On Thursday, 8th April, 53 members and friends of the Mackay and Capricornia branches of the Rare Fruit Council of Australia Inc., travelled north by bus to Mossman for the Easter weekend. We arrived at the White Cockatoo in Mossman at about 10:00am on Friday. We stayed in cabins with five people per cabin. There were lush tropical gardens containing heliconias, lipstick palms and much more surrounding the cabins.

The weekend started with Thursday night and Friday morning on the bus. After lunch we visited Alan and Suzy Carle's property. They have 20 acres of tropical fruits and nuts, backing onto a National park of rainforest. They also have about 500 tropical flowers and medicinal herbs.

The orchard is laid out in four sections: South Pacific, South America, Central Asia and Madagascar. Half way through the orchard tour, we paused for a rest where we were treated to a refreshing drink of lime juice followed by a cooked breadfruit. Never having tasted breadfruit before, I found it to be very appetising. After seeing the magnificent tree growing near where we rested, I decided that I have to try and grow one for ornamental value, and if it bears fruit, then that is a bonus. Judging by the number of breadfruit trees that got off the bus when we got home, a lot of people thought the same way.

After the tour was finished, Brian Cornell, while thanking Alan, put it nicely when he said, "It took us 12 hours to travel to Mossman and 2 hours to walk around the world".

On Saturday, we were guided around the Mossman area by Mossman RFCA Inc. branch members Trudy Woodall and Dawn Meneikys. First stop was Mossman sugar mill, where there is a collection of rare fruit trees from one to possibly twenty years old. The orchard was started by some of the original Rare Fruit Council members. All the trees are labelled with their name and some of them are over forty feet high.

On the way to the second venue, during a brief rest stop at Newell beach, some people gathered coconuts that were almost twice as big as a soccer ball. Growing amongst the coconut trees were Indian almonds.

The next stop was Sommerset orchard. We were given a tour of the orchard propagation laboratory, two orchard greenhouses and about 5000 fruit trees including 45 varieties of Rambutans, by Bruno Scomazzon.

Bruno, Dierdre and son Luigi also grow 140 acres of sugar cane. We were accompanied for the rest of the day by Peter Baker from the Cardwell/Johnstone Branch.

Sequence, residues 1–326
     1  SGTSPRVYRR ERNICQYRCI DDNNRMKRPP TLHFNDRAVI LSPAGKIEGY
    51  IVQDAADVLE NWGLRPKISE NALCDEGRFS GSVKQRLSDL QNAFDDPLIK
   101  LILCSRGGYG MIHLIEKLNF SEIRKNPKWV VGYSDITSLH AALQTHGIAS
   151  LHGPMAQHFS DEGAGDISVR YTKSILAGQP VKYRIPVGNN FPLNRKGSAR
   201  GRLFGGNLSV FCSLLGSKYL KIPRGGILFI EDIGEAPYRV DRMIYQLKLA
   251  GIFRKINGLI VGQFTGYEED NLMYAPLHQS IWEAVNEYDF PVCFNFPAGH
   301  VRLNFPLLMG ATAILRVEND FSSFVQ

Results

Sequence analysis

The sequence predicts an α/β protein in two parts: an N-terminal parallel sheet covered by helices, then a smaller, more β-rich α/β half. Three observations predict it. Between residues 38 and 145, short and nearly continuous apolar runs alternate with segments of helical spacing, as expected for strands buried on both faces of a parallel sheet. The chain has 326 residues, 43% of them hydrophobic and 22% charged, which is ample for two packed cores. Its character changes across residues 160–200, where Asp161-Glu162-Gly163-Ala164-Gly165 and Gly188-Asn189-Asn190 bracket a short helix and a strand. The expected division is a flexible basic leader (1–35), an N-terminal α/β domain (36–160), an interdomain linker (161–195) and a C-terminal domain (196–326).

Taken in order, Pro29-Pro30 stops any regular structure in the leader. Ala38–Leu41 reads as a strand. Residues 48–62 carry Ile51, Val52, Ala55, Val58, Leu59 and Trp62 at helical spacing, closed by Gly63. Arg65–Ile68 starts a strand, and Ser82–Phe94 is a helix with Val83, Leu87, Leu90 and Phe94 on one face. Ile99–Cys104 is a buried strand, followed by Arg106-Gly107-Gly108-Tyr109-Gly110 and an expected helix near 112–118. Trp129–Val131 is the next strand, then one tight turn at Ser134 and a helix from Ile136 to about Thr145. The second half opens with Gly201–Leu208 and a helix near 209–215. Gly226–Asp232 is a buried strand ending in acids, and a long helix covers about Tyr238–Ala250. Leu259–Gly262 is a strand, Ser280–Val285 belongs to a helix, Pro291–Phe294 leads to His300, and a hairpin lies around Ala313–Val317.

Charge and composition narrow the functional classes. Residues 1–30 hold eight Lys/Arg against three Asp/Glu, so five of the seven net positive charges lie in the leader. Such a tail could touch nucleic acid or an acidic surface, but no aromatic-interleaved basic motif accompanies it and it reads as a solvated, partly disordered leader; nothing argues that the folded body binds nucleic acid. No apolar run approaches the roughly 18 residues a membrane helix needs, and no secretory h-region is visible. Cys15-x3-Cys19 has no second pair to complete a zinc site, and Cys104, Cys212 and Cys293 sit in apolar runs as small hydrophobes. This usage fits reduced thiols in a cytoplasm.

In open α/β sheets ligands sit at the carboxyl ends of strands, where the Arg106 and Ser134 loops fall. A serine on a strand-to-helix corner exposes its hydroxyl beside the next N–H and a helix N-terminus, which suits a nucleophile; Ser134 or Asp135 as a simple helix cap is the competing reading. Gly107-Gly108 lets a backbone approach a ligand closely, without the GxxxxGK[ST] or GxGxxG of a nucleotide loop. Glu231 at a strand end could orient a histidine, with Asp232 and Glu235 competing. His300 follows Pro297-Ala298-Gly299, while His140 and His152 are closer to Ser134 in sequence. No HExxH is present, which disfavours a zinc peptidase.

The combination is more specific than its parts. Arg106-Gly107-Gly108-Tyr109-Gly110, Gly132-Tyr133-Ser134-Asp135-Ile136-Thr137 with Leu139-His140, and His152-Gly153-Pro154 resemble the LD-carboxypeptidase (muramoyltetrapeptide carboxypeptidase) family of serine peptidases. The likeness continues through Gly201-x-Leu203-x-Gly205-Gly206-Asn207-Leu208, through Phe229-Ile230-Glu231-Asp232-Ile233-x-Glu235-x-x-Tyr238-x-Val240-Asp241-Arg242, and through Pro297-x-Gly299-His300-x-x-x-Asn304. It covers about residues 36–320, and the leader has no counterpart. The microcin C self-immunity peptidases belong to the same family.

During the orchard tour Bruno showed us mamey sapote trees from Guatemala, a purple mangosteen with variegated leaves. We also saw how breadfruit trees are propagated by cutting the roots, which causes them to put up suckers, which are then removed. Bruno said that most fruits can be used green as a vegetable. We also saw a 'book book', a tree from New Guinea which has large green fruit. While on the orchard tour Bruno's grandson found a green spiky thing and gave it to him. It turned out to be a ripe Durian. After smelling it I was sure that the little fella had found it in the rubbish bin - it smelled absolutely rotten. After the tour Bruno cut it up for tasting, then I was sure it was rotten. However durian eaters informed us that the more you eat it, the more you get to like it. The next day when we went to Mario's place, he told us that he used to wait for the lychees to ripen; now he says, "blow the lychees - where's the durian!"

Also whilst at Bruno's, we tasted Rambai, a small pale-coloured fruit with a sweet centre.

High Falls farm was the next venue where we had a talk about the rare fruit, an orchard tour and fruit tasting. Here the fruit was laid out on top of banana leaves, which was different and looked attractive. During the orchard tour, we saw seven types of bananas, including a large pacific plantain which we were told grows bananas 12 inches long and 2½ inches in diameter. We had lunch there where the dining area is built on the top of a creek bank with cool, clear water flowing by below and lush tropical rain forest on the creek bank. It was a very enjoyable atmosphere for the lunch break.

After lunch we travelled north towards the Daintree for the last visit of the day. Here we walked through parts of a 2000-tree orchard belonging to Andre Leu.

Andre, who acquired the property 2 years ago from Werna Cyzgan, has been involved with rare fruits since 1971. He started collecting rare fruit trees in the early seventies. During the orchard tour we saw the first grafted rambutan, abius and star apple trees in Australia. We also saw a 17-year-old purple mangosteen tree which Andre said was one of the first in Australia. There are also 2 Brazil nut trees that are the first planted in Australia and are now over 40ft high.